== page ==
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In their latest publication ‘Facing Forward: Schooling for Learning in Africa’, the World Bank and Agence Française de Développement identify ways forward to improve learning outcomes and build the required knowledge capital that will drive social and economic change on the continent. With little evidence from research and practice available, VVOB shares its good practices from working in South Africa, DR Congo, Rwanda and Zambia.

High access, low learning outcomes

The ‘Schooling for Learning in Africa’ report pointedly shows how most sub-Saharan African countries have made tremendous progress towards achieving universal access to basic education.  While the gross enrolment rate (GER) of a country like South Africa was already close to 100% in 2000, the GER of countries such as DR Congo grew with 40%.


But challenges remain. In many countries on the continent, including Rwanda, GERs are far above 100%. Often, this is indicative of large and heterogeneous classes, where children of different ages and at different stages of development are learning together.


Considering that: only a small fraction of African children learn in their mother tongue for the recommended 6 years (see page 170 of the report); that learning materials and aids are scarce; and that teachers have limited pedagogical skills; it is not surprising that the publication reports low levels of learning and high levels of formal and informal grade repetition.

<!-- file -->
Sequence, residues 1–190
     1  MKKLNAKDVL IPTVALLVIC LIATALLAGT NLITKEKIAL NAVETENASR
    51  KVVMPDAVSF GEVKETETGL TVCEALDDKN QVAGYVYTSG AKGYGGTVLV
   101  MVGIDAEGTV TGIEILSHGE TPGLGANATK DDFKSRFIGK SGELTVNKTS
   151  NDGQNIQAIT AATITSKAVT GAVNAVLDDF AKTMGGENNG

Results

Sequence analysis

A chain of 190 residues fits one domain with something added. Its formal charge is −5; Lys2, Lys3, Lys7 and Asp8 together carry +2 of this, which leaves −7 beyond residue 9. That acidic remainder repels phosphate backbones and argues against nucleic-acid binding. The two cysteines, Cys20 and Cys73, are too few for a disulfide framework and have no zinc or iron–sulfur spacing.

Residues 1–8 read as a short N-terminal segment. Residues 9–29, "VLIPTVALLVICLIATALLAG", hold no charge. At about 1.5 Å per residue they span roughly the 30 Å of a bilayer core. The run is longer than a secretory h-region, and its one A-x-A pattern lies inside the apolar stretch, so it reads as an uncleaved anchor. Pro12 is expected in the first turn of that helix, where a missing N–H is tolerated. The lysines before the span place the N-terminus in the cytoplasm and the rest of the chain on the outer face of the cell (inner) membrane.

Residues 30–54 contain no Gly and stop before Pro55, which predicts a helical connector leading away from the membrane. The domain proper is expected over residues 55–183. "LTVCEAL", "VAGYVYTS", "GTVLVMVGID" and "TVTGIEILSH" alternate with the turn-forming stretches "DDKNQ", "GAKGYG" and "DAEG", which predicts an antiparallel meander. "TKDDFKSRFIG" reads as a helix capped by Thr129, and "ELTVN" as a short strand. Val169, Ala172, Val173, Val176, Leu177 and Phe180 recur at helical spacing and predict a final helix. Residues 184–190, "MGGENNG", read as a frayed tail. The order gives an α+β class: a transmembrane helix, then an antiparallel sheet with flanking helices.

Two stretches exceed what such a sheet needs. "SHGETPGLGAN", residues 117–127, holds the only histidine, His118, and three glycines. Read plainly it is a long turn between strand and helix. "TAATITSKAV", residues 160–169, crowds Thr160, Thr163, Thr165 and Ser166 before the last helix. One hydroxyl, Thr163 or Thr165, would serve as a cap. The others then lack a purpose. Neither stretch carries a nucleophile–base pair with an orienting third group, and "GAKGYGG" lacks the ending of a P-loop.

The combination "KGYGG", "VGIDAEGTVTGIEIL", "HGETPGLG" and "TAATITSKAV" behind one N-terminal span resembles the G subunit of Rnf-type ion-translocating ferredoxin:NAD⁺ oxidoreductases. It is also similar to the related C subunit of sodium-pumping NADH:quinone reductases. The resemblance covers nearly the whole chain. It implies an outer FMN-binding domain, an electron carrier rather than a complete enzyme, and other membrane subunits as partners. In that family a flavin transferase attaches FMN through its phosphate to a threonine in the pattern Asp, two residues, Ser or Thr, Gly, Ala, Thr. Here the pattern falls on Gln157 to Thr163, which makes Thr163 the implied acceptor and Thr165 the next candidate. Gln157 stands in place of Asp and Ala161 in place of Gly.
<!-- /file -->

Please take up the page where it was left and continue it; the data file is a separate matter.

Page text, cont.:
The World Bank and Agence Française de Développement identify how to move forward:

  1. unblock the early grade ‘traffic jam’ (or grade repetition) and ensure progression to lower secondary education,
  2. set up an efficient teacher management and support system,
  3. better use of educational budgets, and
  4. build capacity of education ministries and partners. 

Unblocking the early grade ‘traffic jam’

To unblock the traffic jam and stimulate progression towards the secondary level, improving learning outcomes in the early years of education is a priority. In Zambia, VVOB supports grade 3, 4 and 5 pupils to acquire basic skills in literacy and numeracy through “Teaching at the Right Level” (TaRL). This method, first developed by Pratham in India, groups learners according to their performance instead of age and makes use of learner-centered pedagogies rather than traditional chalk-and-talk methods.


Teachers from 1,800 schools in Zambia’s Eastern and Western provinces have been or are being trained to implement the methodology with daily one-hour ‘catch-up’ sessions for young learners outside the school hours. Initial results show that the percentage of learners that can read a simple paragraph or story increased respectively by 7 percentage points (p.p.) (from a base of 29%) and 13 p.p. (from a base of 59%) in Southern and Eastern province after a single term; while the percentage of learners able to subtract two-digit numbers went up by 14 p.p.


Preparing young learners to start schooling pays off as well. In recent years, the Ministry of General Education in Zambia has started in